BLM Approves Next Phase of Construction at Ivanpah Solar Electric Generating System
Establishes Head-Start Program to Care for Juvenile Desert Tortoise and Nurture Repopulation
Today, the Bureau of Land Management (BLM) issued a Notice to Proceed for the Ivanpah Solar Electric Generating System (ISEGS), providing approval for ISEGS’ EPC partner, Bechtel Power Corporation, to resume the next phase of construction at Ivanpah. The announcement follows today’s issuance of a revised biological opinion from the U.S. Department of Fish and Wildlife Services (USFWS). The project commenced construction in October 2010 and remains on schedule.
In January 2011, BrightSource proactively requested the government agencies to revisit the original biological opinion for the Ivanpah project as the company learned that there could be more desert tortoise on the project site than original estimates indicated. In April 2011, at the BLM’s request, Bechtel limited construction activity to the Ivanpah 1 plant, the common area and the Ivanpah 2 power block area, pending a revised biological opinion. The issuance of a revised biological opinion from USFWS also provides BrightSource with updated guidance on caring for and moving the desert tortoise found on site.
“We’re pleased to move forward with the next phase of construction at Ivanpah. We look forward to hiring more workers, giving them good jobs, and to providing clean, reliable and cost-effective solar power at a meaningful scale,” says John Woolard, President and CEO of BrightSource Energy, Inc. “We’re setting the bar at a very high level when it comes to desert tortoise protection and care. Every worker on site knows that their two highest priorities are human safety and desert tortoise protection.”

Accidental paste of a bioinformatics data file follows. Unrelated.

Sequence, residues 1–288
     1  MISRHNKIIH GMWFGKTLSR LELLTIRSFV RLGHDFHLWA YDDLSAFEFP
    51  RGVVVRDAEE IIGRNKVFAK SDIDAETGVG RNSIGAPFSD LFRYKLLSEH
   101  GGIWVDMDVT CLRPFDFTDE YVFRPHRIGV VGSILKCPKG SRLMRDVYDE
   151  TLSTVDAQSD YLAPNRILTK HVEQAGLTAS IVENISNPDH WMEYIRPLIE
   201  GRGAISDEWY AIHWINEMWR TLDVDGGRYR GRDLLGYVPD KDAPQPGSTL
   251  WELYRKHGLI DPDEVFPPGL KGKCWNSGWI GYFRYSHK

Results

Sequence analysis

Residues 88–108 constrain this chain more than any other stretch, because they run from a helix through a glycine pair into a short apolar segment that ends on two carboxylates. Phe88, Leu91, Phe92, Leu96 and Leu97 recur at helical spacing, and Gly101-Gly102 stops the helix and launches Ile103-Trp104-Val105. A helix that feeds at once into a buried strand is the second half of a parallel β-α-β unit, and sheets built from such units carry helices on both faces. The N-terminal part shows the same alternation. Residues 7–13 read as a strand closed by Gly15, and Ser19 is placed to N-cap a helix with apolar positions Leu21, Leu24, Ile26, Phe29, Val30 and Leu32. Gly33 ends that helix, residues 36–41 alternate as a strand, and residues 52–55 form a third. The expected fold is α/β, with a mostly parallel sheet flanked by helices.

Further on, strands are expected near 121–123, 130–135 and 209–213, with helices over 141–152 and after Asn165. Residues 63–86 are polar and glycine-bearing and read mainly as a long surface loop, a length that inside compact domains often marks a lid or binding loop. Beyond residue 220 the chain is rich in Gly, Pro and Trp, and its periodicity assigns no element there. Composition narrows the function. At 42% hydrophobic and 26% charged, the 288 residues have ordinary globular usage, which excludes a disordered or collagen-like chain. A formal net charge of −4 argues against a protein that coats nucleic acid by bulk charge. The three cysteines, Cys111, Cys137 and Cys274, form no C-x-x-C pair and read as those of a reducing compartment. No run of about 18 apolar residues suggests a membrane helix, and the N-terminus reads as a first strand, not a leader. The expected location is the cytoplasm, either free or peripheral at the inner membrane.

Today’s news of the project’s continued progress earned high praise from workers and local community leaders who view the Ivanpah project as a catalyst for economic growth in California’s High Desert region. NRG Energy, a Fortune 500 electricity producer and retailer, is the lead investor in the project, which uses BrightSource’s solar thermal technology and also includes a $168 million investment from global technology leader Google.
“The High Desert has been hard hit by the recession, but solar projects like Ivanpah are bringing much needed economic opportunity and investment to our region,” said Ryan McEachron, mayor of Victorville.
Ivanpah currently has 500 workers on site, including biologists and trade workers from California’s High Desert. The project will create an estimated 1,000 union jobs at the peak of construction. The project will also provide $350 million in local and state tax revenues and produce $650 million in wages over the first 30 years of operations.
Launches Desert Tortoise Head-Start Program
The Mojave Desert, which spans 20 million acres of land across four states, is home to the desert tortoise, a federally-listed “threatened” species. BrightSource and its partners NRG, Bechtel and Google are all committed to providing the best care possible for the desert tortoise found on the Ivanpah site. Each day, up to 100 trained desert tortoise biologists are present on the project site, supervising construction activity to ensure that tortoises are not physically harmed in any way and given the highest levels of care.
“One of the biggest challenges facing the desert tortoise population is the high mortality rates for juveniles due to high predation rates. Head-starting in areas where tortoises have been depleted for other reasons is a significant step in the right direction,” says Mercy Vaughn, the lead biologist for the Ivanpah project. “This project is leading the way for private industry serving as a proactive model in conservation of the threatened desert tortoise.”
To help facilitate the rebuilding of the desert tortoise population in the Ivanpah Valley area, the company has established a head-start program at the Ivanpah project site. Head-start programs have been found to provide a critical avenue for enhancing repopulation of the desert tortoise by providing support and protection for hatchling and juvenile tortoises during approximately the first five years of life, or until they are large enough to resist predators. In their natural environment, less than ten percent of juvenile desert tortoises survive beyond five years of age due to predation from ravens, kit foxes, and coyotes and other factors such as drought and disease.